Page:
Carving and Folding by the Book in Early Modern Europe

In: Journal of Early Modern History
Deborah L. Krohn Bard Graduate Center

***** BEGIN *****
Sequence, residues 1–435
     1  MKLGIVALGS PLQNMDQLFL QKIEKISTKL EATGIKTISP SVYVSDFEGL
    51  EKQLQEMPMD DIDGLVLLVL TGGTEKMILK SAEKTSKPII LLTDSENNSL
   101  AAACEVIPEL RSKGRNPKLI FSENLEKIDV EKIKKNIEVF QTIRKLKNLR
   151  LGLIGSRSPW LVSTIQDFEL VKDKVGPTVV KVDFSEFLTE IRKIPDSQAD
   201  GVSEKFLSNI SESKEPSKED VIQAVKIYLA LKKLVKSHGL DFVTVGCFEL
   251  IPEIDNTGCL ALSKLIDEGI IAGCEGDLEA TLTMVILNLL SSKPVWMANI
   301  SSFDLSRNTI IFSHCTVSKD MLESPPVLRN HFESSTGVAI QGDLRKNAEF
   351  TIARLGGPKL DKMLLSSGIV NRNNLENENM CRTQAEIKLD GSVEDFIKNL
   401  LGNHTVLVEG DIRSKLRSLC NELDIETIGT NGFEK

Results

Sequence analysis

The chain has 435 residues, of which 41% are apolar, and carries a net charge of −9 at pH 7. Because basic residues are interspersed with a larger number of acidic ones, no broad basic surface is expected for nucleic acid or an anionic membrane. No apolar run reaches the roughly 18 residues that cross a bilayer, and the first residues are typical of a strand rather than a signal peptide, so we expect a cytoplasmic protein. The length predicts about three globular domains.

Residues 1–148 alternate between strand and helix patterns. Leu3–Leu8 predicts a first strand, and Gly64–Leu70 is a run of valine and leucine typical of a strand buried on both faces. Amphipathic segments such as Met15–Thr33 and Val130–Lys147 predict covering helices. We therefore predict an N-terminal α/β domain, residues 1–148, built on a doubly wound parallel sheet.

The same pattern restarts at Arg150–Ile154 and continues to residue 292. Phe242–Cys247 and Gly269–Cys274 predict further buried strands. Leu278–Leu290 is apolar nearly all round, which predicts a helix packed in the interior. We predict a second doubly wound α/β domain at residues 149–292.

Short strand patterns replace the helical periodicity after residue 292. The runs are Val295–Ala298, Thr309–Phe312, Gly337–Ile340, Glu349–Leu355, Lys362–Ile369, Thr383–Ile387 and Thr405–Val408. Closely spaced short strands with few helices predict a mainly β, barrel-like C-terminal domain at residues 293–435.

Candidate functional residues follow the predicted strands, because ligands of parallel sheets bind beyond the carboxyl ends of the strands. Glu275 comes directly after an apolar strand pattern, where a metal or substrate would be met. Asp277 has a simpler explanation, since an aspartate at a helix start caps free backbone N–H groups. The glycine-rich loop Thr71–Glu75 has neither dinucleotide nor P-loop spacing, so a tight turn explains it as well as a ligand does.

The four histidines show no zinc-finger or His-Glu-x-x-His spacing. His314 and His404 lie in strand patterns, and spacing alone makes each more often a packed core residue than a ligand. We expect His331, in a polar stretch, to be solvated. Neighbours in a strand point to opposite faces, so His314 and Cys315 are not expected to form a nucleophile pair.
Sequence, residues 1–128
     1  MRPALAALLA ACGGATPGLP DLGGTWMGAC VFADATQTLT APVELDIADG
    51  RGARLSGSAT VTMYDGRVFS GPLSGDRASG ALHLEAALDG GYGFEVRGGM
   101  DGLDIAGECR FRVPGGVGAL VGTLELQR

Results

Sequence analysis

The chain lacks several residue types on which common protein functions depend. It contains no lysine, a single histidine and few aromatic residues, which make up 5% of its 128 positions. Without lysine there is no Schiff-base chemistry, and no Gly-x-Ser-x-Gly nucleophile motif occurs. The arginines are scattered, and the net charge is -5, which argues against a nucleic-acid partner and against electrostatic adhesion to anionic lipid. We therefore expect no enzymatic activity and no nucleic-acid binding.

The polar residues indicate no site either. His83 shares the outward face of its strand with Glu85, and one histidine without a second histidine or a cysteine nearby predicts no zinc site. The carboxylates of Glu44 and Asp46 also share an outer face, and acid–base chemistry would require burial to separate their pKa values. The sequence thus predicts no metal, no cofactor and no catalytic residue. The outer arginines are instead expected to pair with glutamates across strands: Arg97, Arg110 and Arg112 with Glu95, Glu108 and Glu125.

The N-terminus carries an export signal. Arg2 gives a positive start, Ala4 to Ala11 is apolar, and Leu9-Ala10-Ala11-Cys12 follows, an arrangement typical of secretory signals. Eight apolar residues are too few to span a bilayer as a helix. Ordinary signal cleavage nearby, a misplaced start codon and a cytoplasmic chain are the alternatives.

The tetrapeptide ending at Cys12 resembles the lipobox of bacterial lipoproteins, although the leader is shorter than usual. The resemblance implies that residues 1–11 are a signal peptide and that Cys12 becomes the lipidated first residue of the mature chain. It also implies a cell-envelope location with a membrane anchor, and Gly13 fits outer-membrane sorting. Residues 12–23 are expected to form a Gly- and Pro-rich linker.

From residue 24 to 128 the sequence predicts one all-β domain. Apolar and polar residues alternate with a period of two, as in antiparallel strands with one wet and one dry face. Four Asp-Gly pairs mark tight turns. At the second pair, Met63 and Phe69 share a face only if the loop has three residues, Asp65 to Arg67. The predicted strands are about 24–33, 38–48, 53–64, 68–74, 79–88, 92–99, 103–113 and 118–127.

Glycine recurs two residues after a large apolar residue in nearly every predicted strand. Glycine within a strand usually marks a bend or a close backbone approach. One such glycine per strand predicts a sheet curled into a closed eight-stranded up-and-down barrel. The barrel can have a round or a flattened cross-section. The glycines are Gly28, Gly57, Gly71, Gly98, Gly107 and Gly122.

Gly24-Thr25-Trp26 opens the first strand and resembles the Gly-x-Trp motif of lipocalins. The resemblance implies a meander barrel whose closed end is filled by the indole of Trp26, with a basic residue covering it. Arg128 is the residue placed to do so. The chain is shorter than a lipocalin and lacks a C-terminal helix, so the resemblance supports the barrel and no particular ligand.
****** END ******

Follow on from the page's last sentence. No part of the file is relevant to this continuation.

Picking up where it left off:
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The period 1500-1800 saw the publication of a number of manuals and handbooks containing instructions for carving meat and fruit on the table, and folding napkins and other linens. These books contain information on otherwise invisible aspects of material and social life and are notable for their intriguing and often beautiful illustrations. Part of a larger category of texts that addressed courtesy, etiquette and behavior for household servants, people in charge of them, and those who aspired to this lifestyle, examples of the genre may be found in Italian, French, German, English, Dutch, Spanish and probably other languages as well. Echoes of a suite of engraved illustrations for an Italian carving manual first published in Padua in 1629 can be seen in books printed all over Europe in the seventeenth and eighteenth centuries.

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